For example, if you can feel the cold air rushing in at the bottom of your door, here are some things you can do:  

  • Invest in or replace your draft stopper or door snake

  • Install rubber tubing to prevent the flow of air through your wooden floorboards 

  • Implement a generous use of silicone caulk to prevent air flow around your windows

  • Caulk any cracks you see on the exterior of the house to prevent both air and insects from invading your home

  • If you have a fireplace, use a flashlight to make sure the chimney damper fully closes  — if not, contact a certified chimney specialist to fix it

  • Use removable caulk to seal windows that you don’t use often  

3. Plan for bigger insulation and air-sealing projects

After you finish plugging as many air leaks as possible yourself, your home may still be able to benefit from large-scale projects like insulating a roof, walls, or floors or swapping out windows and doors. Especially handy homeowners may be able to complete some of these projects on their own while others may be better handled by professionals. 

Whether you decide to take on these projects yourself or hire a professional, more ambitious retrofits demand planning. This can include investigating which projects qualify for financing under the Canada Greener Homes Loan and other rebates.

Projects that qualify under the Canada Greener Homes Loan program include:

Adding insulation 

Basements can account for around 20 percent of a home’s total heat loss. After an assessment of where heat is escaping under your home  — which can be done by checking for dampness or searching for cracks  — you can come up with a strategy to add heat-saving insulation on the inside or outside of the home, as well as decide if it’s a job you can handle or need to outsource to a pro. You can also conduct similar assessments of the adequacy (or inadequacy) of insulation in your roof, walls, and crawl space to identify opportunities to tighten your home’s envelope.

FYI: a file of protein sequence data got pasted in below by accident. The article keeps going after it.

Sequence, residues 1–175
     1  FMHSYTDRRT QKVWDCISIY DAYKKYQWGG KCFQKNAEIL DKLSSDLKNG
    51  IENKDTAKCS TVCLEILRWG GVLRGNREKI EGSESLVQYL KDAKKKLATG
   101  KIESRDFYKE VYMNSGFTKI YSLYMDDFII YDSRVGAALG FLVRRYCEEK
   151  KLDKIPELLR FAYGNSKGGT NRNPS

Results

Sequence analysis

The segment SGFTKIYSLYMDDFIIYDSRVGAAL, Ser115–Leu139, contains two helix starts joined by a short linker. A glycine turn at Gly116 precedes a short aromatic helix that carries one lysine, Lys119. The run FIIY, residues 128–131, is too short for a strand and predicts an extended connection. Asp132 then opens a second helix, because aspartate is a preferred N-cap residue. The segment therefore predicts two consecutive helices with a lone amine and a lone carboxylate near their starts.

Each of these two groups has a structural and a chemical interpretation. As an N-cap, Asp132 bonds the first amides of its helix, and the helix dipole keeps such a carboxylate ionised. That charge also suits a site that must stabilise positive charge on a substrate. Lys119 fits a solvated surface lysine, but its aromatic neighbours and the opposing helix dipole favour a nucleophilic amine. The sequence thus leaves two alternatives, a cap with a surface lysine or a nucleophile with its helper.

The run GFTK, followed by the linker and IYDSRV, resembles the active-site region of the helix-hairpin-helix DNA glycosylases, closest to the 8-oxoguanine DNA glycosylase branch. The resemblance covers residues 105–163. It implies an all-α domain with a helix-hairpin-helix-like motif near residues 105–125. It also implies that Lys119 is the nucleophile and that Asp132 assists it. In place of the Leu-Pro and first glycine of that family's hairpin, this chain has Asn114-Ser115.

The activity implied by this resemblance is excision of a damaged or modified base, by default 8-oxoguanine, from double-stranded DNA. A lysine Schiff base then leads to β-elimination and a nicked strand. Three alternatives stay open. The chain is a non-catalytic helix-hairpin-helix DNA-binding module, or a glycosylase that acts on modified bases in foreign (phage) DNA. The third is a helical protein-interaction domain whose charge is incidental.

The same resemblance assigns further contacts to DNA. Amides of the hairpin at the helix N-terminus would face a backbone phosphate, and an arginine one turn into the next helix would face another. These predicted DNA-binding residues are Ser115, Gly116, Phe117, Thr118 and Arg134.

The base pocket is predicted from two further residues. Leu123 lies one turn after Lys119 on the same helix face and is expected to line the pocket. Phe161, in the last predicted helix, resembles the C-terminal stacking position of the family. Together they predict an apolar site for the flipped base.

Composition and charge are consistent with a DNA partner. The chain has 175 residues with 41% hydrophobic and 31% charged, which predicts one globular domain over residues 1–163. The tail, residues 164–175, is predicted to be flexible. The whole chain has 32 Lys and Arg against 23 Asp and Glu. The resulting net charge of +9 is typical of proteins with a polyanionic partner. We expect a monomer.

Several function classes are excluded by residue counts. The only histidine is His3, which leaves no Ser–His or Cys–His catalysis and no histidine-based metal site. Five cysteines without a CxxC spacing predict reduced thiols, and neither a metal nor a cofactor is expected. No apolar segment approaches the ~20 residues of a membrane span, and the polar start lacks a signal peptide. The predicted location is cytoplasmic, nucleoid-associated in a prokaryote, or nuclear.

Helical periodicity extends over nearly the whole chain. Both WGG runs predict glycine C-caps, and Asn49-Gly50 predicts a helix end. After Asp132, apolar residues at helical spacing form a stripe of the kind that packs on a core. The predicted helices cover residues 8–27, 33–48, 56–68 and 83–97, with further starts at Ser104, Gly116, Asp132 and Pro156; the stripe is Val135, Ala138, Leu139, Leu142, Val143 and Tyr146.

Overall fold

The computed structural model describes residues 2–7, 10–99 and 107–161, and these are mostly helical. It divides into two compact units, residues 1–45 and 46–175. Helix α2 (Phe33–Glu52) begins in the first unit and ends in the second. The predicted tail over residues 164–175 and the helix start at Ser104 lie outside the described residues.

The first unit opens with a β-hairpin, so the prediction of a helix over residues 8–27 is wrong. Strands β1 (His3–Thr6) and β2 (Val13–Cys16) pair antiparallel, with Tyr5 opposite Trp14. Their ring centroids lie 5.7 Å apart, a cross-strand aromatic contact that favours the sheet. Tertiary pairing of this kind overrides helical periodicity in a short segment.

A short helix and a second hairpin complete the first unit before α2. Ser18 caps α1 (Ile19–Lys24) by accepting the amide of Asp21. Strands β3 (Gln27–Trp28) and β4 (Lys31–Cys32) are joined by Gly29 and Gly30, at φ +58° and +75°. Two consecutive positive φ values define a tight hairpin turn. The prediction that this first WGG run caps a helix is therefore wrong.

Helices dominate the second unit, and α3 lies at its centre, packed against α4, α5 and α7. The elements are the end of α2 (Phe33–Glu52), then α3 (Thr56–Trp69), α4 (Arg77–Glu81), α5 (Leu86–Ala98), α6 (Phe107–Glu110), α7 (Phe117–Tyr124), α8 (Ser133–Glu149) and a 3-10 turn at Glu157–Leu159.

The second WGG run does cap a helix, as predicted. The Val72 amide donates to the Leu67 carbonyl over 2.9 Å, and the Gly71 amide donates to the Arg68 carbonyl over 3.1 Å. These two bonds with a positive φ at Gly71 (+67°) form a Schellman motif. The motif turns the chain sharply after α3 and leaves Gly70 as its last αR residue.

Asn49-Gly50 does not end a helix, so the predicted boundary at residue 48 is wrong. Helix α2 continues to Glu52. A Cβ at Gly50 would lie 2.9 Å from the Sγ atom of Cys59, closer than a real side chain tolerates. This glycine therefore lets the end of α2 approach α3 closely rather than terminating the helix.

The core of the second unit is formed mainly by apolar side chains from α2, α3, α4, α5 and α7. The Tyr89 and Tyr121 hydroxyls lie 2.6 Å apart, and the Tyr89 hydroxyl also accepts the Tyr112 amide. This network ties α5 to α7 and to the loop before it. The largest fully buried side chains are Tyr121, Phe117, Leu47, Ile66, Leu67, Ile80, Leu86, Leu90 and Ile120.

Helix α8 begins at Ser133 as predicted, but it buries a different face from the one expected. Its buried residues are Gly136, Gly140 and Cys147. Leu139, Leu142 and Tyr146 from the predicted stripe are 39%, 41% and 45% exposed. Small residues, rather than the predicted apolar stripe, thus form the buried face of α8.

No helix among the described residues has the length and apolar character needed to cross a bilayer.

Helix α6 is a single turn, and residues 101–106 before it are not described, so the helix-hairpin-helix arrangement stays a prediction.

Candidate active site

Replacing windows and doors 

Windows and doors can be even leakier than a basement, as they’re responsible for 25 percent of a home’s heat loss. If you can’t repair them properly enough to plug the leaks, consider replacing windows with efficient ENERGY STAR-certified windows. Weatherstripping the top and sides of a door frame with vinyl tape can limit air leaks. But in some cases, a replacement may be worthwhile. Depending on the type of door, ENERGY STAR versions may be available. If you decide to hire a contractor, ask if they have experience doing similar door replacements and find out if they can offer a warranty on their work and the equipment they use.

Learn more about the Canada Greener Homes Initiative and find programs in your province that could help cover the costs of building envelope improvement plans.

What impact do our homes have on climate change?

Because a poorly insulated home is unable to keep cold air out in the winter and hot air out in the summer, it requires a lot of energy to stay comfortable. As we’ve established, consuming large amounts of energy to run heaters, air conditioners, and heat pumps increases energy use. And if the energy used to keep homes warm or cool comes from fossil fuels, more concentrated levels of greenhouse gases are emitted, which contribute towards global warming and climate change.

The emphasis on improving building envelopes makes a lot of sense for Canadians. Indeed, Canada’s 14.5 million homes are responsible for one-sixth of all the energy used in the country and produce almost 14 percent of energy-related greenhouse gas emissions.

Two-thirds of homes in Canada were built before codes were in place, and your home could be one of them. By improving your home’s building envelope, you could reduce energy bills and have a positive impact on the planet. Whether small or large, the changes you make can have significant effects, and what might seem like a huge undertaking could become more attainable with financial assistance from the government to help cover the costs.

This article is intended as general information only and is not to be relied upon as constituting legal, financial or other professional advice. A professional advisor should be consulted regarding your specific situation. Information presented is believed to be factual and up-to-date but we do not guarantee its accuracy and it should not be regarded as a complete analysis of the subjects discussed. All expressions of opinion reflect the judgment of the authors as of the date of publication and are subject to change. No endorsement of any third parties or their advice, opinions, information, products or services is expressly given or implied by Royal Bank of Canada or any of its affiliates.